Channel 4 news reporter Stephen Smith has both style and destination, and has written a book that is hard to put down. Cocaine Train (Little, Brown pounds 17.99) is the record of his trip to Colombia, to trace the secret life of his grandfather, Leslie Frost; and because Frost was a man of the railway, this book chronicles the Colombian train system too. But it's chiefly effective because Smith has a strong dramatic style and a gift for storytelling.
There is a palpable tension from the first pages, as the train he's on grinds through a seemingly unending dark tunnel, with fears of robbery and kidnapping ever-present until the train breaks out into the sunshine, to be stopped by men in camouflage fatigues armed with machine guns making their way on board. Because the story is contemporary, it works as an introduction to the political life of Colombia today, but the revealing of the life of Leslie Frost rewards the reader with a historical background to the narrative, as well as the fascinating personal history alongside. This is the sort of book that has you greeting each new page with excitement and anticipation.
The family history angle is one pursued by Alice Thomson in The Singing Line (Chatto pounds 16.99), and this is also a hugely satisfying read. Alice's great-great-grandfather was Charles Todd, who connected telegraph lines across Australia from Adelaide to Darwin, along the way naming a town in 1871 after his wife, Alice. The town was Alice Springs, and Todd's job was Government Astronomer and Superintendent of Telegraphs, aiming to link Australia by wire with Britain.
Fans of the excellent Dava Sobel book Longitude will find much to enjoy here, with the same element of historical (and even, initially, nautical) adventure combined with a fascinating account of travel across the centre of the vast subcontinent of Australia. It's told with an engaging simplicity, as Thomson and her husband find themselves taking a journey across the country parallel to that of Thomson's ancestors.
The lack of a personal or contemporary connection to her material is what lets Susan Whitfield down in her book Life Along the Silk Road (John Murray pounds 19.99). That, and the fact that her premise is dully executed. The great historical trade route of tracks through Central Asia, stretching through Europe, India and the Far East has been exhaustively researched, and Whitfield's aim is to reveal this richly diverse area over a period of 250 years towards the end of the first millennium.
She investigates each period through the stories of individuals, from the merchant's tale (Nanaivandak, 730-751) through to the artist's tale (Dong Baode, 965), with a soldier, a princess and a courtesan along the way. After a scholarly introduction, the individual stories are written with an objective detachment which makes it difficult to care very much about her characters.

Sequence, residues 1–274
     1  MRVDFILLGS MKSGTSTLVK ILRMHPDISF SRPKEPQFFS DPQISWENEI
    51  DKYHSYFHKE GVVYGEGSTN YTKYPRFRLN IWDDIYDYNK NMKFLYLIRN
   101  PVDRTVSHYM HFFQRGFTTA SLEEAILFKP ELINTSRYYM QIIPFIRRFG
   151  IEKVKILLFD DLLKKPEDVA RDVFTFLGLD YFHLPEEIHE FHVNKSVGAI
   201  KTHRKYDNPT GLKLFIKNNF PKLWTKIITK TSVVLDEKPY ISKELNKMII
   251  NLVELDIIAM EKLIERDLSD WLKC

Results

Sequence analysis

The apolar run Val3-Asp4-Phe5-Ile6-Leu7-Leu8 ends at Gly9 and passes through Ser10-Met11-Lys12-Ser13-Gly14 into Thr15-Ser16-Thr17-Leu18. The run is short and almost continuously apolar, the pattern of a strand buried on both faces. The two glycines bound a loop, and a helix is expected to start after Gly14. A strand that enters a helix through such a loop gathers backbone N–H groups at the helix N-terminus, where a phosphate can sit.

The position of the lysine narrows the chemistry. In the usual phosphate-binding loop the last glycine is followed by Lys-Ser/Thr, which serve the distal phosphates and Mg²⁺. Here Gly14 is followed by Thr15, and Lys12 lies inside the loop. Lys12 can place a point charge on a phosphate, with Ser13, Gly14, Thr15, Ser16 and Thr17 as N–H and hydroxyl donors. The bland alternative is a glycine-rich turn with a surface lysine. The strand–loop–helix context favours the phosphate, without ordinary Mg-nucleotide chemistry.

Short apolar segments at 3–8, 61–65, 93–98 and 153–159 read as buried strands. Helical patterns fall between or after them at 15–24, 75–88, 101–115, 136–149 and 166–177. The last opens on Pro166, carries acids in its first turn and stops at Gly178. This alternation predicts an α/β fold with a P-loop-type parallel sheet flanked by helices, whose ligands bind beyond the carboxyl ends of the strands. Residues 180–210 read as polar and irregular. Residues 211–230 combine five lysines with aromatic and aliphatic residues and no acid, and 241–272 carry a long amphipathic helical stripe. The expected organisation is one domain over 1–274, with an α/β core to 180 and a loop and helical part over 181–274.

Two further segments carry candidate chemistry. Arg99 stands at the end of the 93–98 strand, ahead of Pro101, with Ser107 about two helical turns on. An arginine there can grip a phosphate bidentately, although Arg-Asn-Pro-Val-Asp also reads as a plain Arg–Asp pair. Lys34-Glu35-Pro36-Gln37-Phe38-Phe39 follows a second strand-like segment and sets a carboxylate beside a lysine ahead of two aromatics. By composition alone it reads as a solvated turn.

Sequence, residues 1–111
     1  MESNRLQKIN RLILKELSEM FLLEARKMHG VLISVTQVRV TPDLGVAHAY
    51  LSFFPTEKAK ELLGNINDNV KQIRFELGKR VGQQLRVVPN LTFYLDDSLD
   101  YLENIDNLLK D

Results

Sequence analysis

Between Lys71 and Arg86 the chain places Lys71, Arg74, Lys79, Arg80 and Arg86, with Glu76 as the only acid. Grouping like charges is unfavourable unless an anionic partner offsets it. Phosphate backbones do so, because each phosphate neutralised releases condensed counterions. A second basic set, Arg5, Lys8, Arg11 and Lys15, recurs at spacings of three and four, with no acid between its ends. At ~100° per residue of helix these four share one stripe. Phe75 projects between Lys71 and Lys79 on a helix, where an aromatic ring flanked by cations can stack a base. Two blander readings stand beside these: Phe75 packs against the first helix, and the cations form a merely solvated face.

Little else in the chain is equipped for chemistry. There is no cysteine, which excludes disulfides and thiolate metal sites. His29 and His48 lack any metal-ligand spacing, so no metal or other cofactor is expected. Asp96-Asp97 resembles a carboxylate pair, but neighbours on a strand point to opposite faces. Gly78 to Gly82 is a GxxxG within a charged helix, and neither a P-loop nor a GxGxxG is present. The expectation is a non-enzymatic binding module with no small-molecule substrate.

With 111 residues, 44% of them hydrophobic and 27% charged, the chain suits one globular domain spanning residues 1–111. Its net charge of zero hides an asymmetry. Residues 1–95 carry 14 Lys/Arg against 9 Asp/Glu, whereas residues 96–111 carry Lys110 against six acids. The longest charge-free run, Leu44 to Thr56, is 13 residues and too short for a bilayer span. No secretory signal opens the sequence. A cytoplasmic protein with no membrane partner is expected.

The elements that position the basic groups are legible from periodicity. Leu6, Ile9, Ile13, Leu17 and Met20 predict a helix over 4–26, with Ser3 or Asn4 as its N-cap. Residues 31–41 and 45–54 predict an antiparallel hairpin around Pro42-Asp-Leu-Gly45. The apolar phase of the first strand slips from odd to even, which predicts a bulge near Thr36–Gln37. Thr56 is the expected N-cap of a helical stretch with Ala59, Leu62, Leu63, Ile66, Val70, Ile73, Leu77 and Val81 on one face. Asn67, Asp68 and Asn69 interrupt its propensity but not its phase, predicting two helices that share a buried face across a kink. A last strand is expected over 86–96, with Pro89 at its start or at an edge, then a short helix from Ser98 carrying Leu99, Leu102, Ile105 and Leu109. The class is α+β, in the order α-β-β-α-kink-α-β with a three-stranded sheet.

Indeed Whitfield seems as bored with them as we are, and Nanaivandak the merchant has no more fun than the reader: "The girls stood still facing Nanaivandak's table and both pulled down their blouses to reveal their small, bare breasts. After this one of the girls sat on Nanaivandak's lap and persuaded him to order more wine, which he drank while fondling her breasts." Not exactly gripping stuff.
After four years incarcerated together in the Lebanon, when they could only travel in their imaginations, John McCarthy and Brian Keenan decided to take a journey from one end of Chile to the other. They recount the story in Between Extremes (Bantam Press pounds 16.99), in a shared narrative of alternating short episodes which has a skilfully simple way of identifying which author is which: McCarthy writes in the present tense, Keenan the past tense. As the book goes on, their styles are different enough to be guessable anyway, but in both cases the stories are made richer by our understanding of the men's shared history. And the two voices add up to more than the sum of their parts: if McCarthy reports Keenan's looking pensive, on the next page Keenan reveals his thoughts. These are two people whose lives were once stories in the public domain, and their relationship here is defined by that history.
In One Foot in Laos (John Murray pounds 18.99), Dervla Murphy (now 68) travelled to Laos to see it before the ever-increasing tourist trade meant it wouldn't be untouched and unspoilt much longer. Her plans to trek through the mountains were complicated by an injured foot and a less-than-reliable bike.
Murphy's skill, apart from an understated but deft flair for description, is her ability to mix everyday concerns, such as good food and not getting lost, with deeper analyses of the political situation she finds herself in, always enriched by her personal contact with the story. She makes you present in the adventure by letting you think you might have acted similarly.
Finally, Mark Eveleigh's journey in Fever Trees of Borneo (Travellers Eye pounds 7.99) is more extreme, so the same easy sense of identification doesn't quite apply. In his book he travels with photographer Paul Bailey across the blank spaces on the map of Borneo. Despite his companion's photographic skills, this is no coffee-table picture book, but keeps you reading for the plot: one minute avoiding malaria and starvation, the next faced with barbecued mouse-deer foetus, or endlessly offending local customs. Apart from a frequent use of the wilfully archaic "whilst", this is moderately well written, and highly readable. And like all the travel books touched on here, it takes you somewhere you have no intention of actually visiting, and for a not inconsiderable saving on the air fare.
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